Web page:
House Democratic leaders said Thursday they will reintroduce previously failed legislation that calls for strict disclosure requirements on political campaign donations for ads paid for by corporations, unions and other organizations.
“We want to make sure we have a country where the rules are fair to everybody and give everybody an equal opportunity,” Rep. Chris Van Hollen of Maryland, the top Democrat on the House Budget Committee, told reporters at the Hyatt Regency Chesapeake Bay Hotel in Cambridge, Md., where House Democrats are gathered for their annual strategy retreat.
The so called Disclose Act, which in 2010 passed the then-Democratic controlled House but was blocked by Senate Republicans, called for new donor- and contribution-disclosure requirements on most groups that spend money on political advertisements but are not affiliated with a candidate or political party. The sponsor of the ad would be required to appear in the ad and claim responsibility for it.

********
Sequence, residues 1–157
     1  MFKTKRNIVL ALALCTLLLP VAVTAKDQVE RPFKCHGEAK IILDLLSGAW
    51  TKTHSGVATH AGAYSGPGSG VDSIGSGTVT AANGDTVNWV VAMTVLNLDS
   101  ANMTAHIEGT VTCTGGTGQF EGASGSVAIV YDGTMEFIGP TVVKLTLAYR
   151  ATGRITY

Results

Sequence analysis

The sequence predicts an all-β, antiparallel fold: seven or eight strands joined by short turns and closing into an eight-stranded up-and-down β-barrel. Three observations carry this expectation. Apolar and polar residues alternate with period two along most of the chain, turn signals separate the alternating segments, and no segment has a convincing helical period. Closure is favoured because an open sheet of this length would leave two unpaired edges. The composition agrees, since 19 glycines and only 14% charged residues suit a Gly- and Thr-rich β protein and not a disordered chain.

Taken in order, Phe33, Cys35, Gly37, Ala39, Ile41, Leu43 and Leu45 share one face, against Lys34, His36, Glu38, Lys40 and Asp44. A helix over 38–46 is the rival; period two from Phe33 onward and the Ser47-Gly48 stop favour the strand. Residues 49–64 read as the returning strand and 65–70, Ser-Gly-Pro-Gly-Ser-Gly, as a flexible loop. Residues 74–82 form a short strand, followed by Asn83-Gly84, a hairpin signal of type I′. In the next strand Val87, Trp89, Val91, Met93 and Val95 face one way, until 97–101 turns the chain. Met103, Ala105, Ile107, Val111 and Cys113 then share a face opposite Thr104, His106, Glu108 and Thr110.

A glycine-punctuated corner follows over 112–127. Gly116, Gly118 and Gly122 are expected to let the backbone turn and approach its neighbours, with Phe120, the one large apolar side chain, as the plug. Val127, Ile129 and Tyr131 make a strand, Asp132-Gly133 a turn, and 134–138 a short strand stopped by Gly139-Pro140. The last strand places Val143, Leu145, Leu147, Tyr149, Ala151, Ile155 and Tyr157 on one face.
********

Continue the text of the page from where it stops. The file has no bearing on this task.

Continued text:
The pending measures are a direct response to the 5-4 Supreme Court ruling in 2010 that struck down most limits on corporate and union spending in elections on the grounds they violated First Amendment guarantees of free speech. That case, Citizens United vs. Federal Election Commission, has been chastised by Democrats but generally applaud by Republicans.
“A major impediment [to transparency] is the fact that special interests spend loads of money trying to influence the political process. And as result of the court decision Citizens United, those floodgates have been opened even further,” Mr. Van Hollen said. The Disclose Act “really goes to the heart of the matter of an opportunity society and reigniting the American dream in a way that works for everybody.”
The bill has little chance of passing the Republican-controlled House.